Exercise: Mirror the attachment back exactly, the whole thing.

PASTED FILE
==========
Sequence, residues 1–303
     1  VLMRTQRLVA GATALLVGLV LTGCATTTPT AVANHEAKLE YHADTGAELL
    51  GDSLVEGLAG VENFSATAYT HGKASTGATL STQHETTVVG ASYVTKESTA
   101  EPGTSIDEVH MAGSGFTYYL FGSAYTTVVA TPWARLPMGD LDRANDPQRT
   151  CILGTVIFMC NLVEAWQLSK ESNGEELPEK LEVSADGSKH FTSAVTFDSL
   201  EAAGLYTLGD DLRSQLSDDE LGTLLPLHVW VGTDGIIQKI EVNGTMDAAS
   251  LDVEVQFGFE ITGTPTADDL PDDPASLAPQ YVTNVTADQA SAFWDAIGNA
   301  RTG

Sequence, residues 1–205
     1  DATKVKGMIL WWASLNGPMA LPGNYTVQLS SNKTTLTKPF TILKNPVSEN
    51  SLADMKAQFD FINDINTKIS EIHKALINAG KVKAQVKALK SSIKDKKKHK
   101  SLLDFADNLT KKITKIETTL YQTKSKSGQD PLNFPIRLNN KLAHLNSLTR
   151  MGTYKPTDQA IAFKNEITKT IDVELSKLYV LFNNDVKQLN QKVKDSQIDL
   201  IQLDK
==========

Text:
Sequence, residues 1–303
     1  VLMRTQRLVA GATALLVGLV LTGCATTTPT AVANHEAKLE YHADTGAELL
    51  GDSLVEGLAG VENFSATAYT HGKASTGATL STQHETTVVG ASYVTKESTA
   101  EPGTSIDEVH MAGSGFTYYL FGSAYTTVVA TPWARLPMGD LDRANDPQRT
   151  CILGTVIFMC NLVEAWQLSK ESNGEELPEK LEVSADGSKH FTSAVTFDSL
   201  EAAGLYTLGD DLRSQLSDDE LGTLLPLHVW VGTDGIIQKI EVNGTMDAAS
   251  LDVEVQFGFE ITGTPTADDL PDDPASLAPQ YVTNVTADQA SAFWDAIGNA
   301  RTG

Sequence, residues 1–205
     1  DATKVKGMIL WWASLNGPMA LPGNYTVQLS SNKTTLTKPF TILKNPVSEN
    51  SLADMKAQFD FINDINTKIS EIHKALINAG KVKAQVKALK SSIKDKKKHK
   101  SLLDFADNLT KKITKIETTL YQTKSKSGQD PLNFPIRLNN KLAHLNSLTR
   151  MGTYKPTDQA IAFKNEITKT IDVELSKLYV LFNNDVKQLN QKVKDSQIDL
   201  IQLDK